... 1.) enter the ESGI Pot of Gold drawing,
2.) get your extended FREE trial & a $40 discount on your 1st year of ESGI,
3.) read the answers to your questions about teaching writing in kindergarten!
TO GET STARTED!
Here are the last questions & answers from my March 29 Webinar:
Emily, from Strasburg, Virginia stated: I love the shape books! Perfect for my Pre-K kiddos!
Thank you, Emily! I LoVe the Shape Writing templates too.
My students come up with all kinds of creative ideas to answer the questions, "What is a circle?" or "What is a triangle?", etc.
One child wrote, "A circle is a pancake."
Another child wrote, "A triangle is a Dorito."
These made the cutest class books too.
You can grab the entire set by CLICKING HERE.
|Click the image above.|
Or... you can get my Shape Writing as part of my 7 writing set flash drive which includes 71 templates for teaching writing! I'm offering the flash drive for $25 which includes FREE shipping. Just email me at firstname.lastname@example.org and I will send you one.
Here are some samples from the entire set:
Anika, from Las Vegas, Nevada asked: How do you get kinders to use sentence starters?
I meet with a homogeneous group of five students at a horseshoe table. This enables me to differentiate my techniques with each group and I might even differentiate within one group:
1.) I read the sentence starter and we brainstorm ideas about how to complete the sentence.
2.) I ask the students to trace the dotted sentence starter and illustrate their response on the blank area of their writing template.
3.) While they are tracing and illustrating, I begin by asking the first child how they want to complete the sentence starter. Depending on the level of the group, I either write it from their dictation with a wide-tip highlighter right on their template so they can trace over it, or I write it with a fine-tip marker on a lined Post-it (or with a dry-erase pen on my lined dry-erase mats) for the student to copy, or I help the student to sound/blend the words they have chosen and I might write the first letter of each work on their template so all they have to do is complete each word. Then, I move on to the next child and repeat the process.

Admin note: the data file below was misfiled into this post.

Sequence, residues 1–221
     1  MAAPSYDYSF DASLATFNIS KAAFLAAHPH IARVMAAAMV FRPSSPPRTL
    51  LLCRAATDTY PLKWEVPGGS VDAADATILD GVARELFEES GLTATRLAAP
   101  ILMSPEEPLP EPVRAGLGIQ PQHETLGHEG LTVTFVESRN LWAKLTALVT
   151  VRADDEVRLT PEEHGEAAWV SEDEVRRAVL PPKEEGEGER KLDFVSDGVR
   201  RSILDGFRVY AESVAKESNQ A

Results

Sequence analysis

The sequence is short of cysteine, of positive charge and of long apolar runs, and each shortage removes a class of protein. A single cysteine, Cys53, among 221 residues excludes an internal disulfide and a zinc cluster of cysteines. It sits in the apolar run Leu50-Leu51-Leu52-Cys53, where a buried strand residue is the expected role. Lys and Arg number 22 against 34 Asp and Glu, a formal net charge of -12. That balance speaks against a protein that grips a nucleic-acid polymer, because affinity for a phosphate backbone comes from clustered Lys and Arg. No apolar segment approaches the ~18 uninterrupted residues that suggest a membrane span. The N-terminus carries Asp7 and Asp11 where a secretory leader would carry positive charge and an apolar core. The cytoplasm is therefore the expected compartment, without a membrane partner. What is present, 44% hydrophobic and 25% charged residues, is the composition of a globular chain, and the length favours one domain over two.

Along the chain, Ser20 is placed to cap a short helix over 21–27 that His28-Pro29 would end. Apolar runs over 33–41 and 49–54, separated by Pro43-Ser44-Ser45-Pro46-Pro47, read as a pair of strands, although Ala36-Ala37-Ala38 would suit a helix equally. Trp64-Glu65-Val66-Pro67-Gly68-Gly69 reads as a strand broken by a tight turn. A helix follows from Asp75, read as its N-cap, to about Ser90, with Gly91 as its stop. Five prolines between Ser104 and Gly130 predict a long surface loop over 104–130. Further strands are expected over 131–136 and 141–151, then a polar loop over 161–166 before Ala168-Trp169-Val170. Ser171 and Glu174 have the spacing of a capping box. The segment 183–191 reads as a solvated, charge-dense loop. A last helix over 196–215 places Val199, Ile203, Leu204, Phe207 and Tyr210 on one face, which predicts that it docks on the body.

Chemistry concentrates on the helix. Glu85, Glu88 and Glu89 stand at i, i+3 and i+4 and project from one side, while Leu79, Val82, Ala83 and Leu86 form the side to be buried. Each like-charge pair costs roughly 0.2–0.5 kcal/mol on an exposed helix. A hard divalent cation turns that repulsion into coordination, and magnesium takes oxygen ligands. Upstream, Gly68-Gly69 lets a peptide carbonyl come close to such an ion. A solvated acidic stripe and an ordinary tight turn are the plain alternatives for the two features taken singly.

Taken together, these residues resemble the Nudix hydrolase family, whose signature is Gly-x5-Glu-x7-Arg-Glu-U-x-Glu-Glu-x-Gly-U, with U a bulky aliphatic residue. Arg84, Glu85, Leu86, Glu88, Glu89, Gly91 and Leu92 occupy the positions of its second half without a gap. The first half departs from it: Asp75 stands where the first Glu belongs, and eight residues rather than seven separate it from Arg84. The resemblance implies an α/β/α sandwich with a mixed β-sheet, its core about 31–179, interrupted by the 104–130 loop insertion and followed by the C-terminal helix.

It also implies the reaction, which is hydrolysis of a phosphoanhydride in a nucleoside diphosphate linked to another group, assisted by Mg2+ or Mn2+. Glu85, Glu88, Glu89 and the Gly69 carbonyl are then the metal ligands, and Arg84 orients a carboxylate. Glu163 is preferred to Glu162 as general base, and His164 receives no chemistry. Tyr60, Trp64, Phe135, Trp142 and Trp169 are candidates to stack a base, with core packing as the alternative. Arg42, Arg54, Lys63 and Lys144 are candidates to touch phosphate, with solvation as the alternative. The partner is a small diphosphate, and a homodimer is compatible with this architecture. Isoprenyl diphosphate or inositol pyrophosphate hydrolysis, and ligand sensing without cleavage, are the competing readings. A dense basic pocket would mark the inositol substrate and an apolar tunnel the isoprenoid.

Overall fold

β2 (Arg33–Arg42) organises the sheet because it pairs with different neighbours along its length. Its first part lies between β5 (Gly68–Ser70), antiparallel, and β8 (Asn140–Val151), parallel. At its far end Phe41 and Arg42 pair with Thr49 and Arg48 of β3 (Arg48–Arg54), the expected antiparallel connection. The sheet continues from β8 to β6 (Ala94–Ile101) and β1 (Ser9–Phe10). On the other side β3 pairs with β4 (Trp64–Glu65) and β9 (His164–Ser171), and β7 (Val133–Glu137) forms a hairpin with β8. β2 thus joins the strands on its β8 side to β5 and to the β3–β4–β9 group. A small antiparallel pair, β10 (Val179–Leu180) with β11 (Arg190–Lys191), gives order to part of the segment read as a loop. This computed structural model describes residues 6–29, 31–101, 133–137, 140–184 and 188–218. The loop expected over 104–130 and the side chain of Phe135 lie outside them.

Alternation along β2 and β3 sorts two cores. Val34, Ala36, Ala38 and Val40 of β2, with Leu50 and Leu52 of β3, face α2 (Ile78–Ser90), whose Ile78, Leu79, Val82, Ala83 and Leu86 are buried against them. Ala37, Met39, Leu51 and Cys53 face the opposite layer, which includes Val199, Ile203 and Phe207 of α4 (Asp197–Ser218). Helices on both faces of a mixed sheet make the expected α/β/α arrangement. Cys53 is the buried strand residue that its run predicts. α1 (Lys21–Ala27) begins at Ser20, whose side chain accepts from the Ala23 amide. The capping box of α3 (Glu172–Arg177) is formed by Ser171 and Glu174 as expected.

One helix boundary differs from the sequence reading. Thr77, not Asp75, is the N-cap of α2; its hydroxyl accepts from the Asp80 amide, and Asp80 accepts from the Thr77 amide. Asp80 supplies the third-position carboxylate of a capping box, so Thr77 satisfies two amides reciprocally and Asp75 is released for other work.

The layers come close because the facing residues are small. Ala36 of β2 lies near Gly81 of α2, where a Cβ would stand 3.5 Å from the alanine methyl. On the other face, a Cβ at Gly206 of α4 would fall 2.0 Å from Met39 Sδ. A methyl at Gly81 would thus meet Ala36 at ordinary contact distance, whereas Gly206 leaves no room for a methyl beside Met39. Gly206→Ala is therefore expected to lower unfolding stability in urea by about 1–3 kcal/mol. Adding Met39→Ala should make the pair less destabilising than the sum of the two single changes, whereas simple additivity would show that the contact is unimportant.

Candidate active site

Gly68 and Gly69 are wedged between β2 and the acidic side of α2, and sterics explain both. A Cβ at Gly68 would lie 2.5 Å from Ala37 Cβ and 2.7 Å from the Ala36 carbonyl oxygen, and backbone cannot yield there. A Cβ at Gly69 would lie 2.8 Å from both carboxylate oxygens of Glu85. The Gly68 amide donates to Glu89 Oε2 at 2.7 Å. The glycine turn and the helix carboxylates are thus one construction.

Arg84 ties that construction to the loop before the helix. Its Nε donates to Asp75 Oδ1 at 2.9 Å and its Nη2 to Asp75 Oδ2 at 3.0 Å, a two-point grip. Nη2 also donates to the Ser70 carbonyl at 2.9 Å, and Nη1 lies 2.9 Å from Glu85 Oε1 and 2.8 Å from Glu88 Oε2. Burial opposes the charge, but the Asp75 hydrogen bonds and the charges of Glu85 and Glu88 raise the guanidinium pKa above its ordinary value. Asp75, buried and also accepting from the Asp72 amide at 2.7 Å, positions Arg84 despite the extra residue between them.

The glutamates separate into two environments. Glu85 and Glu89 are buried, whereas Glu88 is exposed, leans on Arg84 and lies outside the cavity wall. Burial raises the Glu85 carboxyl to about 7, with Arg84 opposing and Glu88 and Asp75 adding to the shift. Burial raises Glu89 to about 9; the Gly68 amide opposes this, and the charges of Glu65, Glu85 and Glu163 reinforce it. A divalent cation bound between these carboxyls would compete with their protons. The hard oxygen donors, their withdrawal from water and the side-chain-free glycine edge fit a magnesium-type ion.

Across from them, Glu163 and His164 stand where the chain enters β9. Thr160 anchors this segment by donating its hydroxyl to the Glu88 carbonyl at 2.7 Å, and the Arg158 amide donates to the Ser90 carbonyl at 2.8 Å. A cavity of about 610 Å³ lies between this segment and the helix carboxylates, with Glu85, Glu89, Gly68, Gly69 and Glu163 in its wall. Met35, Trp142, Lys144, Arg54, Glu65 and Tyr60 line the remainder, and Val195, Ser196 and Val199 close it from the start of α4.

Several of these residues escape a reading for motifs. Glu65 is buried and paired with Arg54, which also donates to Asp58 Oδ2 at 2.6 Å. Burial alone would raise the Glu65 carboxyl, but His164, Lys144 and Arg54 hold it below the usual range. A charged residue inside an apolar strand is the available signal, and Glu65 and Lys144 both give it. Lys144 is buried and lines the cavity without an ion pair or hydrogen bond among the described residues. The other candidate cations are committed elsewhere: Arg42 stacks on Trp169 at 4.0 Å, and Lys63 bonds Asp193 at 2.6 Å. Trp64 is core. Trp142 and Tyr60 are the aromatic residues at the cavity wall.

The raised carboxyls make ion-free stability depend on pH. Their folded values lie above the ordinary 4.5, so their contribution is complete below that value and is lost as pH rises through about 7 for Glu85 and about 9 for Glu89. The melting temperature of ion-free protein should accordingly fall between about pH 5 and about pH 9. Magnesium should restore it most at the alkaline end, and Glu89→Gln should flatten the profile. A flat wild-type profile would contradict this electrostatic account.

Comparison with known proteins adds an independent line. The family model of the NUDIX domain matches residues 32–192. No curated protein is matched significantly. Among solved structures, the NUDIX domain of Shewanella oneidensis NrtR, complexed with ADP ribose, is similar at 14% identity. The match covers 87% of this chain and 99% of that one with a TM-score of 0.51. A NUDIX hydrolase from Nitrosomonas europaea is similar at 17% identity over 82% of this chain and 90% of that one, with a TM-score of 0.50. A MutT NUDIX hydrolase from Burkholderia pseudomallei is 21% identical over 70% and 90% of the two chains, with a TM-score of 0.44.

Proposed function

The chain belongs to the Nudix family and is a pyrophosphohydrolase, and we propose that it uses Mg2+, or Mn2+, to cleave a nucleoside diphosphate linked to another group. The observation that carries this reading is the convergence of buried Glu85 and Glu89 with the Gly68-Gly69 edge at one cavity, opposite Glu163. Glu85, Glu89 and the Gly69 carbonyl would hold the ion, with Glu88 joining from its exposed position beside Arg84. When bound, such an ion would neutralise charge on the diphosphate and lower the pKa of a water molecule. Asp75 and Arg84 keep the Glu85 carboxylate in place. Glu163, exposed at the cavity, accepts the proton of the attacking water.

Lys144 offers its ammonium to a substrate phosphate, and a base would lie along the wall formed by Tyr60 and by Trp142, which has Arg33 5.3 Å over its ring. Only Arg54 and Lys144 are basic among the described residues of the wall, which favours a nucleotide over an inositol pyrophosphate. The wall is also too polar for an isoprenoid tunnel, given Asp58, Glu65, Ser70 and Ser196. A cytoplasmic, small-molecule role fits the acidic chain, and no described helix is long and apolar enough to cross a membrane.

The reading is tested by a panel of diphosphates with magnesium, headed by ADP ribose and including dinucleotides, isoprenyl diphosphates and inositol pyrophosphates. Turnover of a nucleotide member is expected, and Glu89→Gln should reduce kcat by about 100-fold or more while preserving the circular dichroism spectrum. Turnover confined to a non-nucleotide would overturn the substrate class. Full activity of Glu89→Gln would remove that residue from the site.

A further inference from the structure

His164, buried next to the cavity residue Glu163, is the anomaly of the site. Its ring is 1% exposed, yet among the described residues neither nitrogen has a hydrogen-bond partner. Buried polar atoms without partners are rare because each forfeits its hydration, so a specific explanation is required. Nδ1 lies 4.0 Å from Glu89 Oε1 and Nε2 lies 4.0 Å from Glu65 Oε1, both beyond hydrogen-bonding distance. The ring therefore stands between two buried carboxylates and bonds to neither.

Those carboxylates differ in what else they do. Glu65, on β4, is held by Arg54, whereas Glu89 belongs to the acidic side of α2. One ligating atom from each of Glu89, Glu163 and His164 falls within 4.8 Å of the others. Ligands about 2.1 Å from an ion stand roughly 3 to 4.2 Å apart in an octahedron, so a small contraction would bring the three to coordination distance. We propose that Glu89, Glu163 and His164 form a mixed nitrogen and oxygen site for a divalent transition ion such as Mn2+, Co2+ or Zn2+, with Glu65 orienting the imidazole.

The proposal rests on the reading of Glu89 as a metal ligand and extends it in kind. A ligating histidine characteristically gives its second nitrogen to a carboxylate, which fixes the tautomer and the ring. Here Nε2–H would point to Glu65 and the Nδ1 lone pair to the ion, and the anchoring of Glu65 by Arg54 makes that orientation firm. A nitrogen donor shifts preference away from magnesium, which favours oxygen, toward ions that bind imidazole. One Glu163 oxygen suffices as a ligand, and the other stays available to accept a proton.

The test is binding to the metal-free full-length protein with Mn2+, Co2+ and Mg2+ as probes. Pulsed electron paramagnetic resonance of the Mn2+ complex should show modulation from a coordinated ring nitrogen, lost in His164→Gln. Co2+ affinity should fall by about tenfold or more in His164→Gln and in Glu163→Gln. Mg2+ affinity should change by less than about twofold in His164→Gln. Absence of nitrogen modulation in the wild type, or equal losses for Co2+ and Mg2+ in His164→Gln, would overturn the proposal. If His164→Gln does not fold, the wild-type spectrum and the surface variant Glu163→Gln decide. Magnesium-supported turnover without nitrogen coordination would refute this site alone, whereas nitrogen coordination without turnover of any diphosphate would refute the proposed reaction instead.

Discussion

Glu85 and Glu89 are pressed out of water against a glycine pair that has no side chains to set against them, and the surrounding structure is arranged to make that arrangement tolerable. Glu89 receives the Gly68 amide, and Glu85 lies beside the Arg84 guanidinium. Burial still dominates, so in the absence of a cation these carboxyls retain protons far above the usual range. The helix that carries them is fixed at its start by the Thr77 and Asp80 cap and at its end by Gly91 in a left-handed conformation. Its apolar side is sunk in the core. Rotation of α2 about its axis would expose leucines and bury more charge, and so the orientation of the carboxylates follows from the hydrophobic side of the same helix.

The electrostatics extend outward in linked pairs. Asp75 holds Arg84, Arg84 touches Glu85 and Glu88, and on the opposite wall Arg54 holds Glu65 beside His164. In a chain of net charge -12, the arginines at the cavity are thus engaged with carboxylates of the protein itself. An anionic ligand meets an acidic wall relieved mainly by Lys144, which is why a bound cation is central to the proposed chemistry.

4.) As children finish, I might ask them to add details to their illustration or share their writing with a partner until everyone in the small group is done. Then, we share our writing and illustrations with the entire small group.
Billi, from Robeline, Louisianna asked: I see tracing dots on the page. Is this for the beginning of the year? I will be looking on the blog for the answer. How long will the sign up be available? Are your assessments available to everyone?
Tracing dots are great for the beginning of the year, but some students need them as the year continues and I liked using them all year long with most of my students. I created enough to last you throughout the school year. You can always use the same writing prompt verbally and have your students respond on paper that does not have the prompt written in a dotted font.
The ESGI sign up is always available (for a 60 day free trial and $40 off of your 1st year if you use my code: KFUN), but
if you want the extended FREE trial (good through Aug. 31 AND an entry in their Pot of Gold drawing, you
You can sign up for FREE
by CLICKING HERE.
(You won't have to enter a credit card #.)
Yes, the assessments I wrote for ESGI are available for everyone who signs up for the free trial. They also have over 700 other assessments you may access too.
Kayla, from Hazard, Kentucky asked: I’d like to know if she uses a specific writing program or if she uses this as her writing program/curriculum? Thanks!
No, I used my Instant Writing, Month-to-Month Writing, and all of the other templates offered in the bundle above framed with the red polk-a-dot frames.
Lora, from Leitchfield, Kentucky stated: I have the same question about having them sound out the words...
I think the question was, "When do you expect them to sound out the words instead of just copying what you wrote from their dictation?"
It depends on the child and whether or not they are developmentally ready to encode. It is important to establish a foundation which includes verbally expressing a complete sentence, tracing or copying a complete sentence, and attempting to sound/blend parts of a complete sentence so we don't overwhelm them with too much at once. My students rapidly picked up on sound/blending and encoding when I would write the first letter of each of their dictated words on their paper. This also reinforced how to leave spaces between their words. They were able to stay focused on their sentence and they didn't forget how they meant to end their sentence because they had the first letter of each word to help remind them of what they were trying to write.
A Shout Out:
I also wanted to include a "shout out" to 3 of my webinar attendees. I recognized three names:
LeAnna Wolkis Goldstein
LeAnna is a fabulous presenter with SDE (Staff Development for Educators). If you ever get a chance to see her, do! She has so many great ideas and she is the sweetest person you will ever meet!
Kaye and Faye Johnston also work for SDE as event coordinators. You can find them at many SDE events and they will also be at "I Teach K!" in Las Vegas this July. They are both amazing and they really know how to run a wonderful conference!
If you want more information about attending the best conference EVER, check out: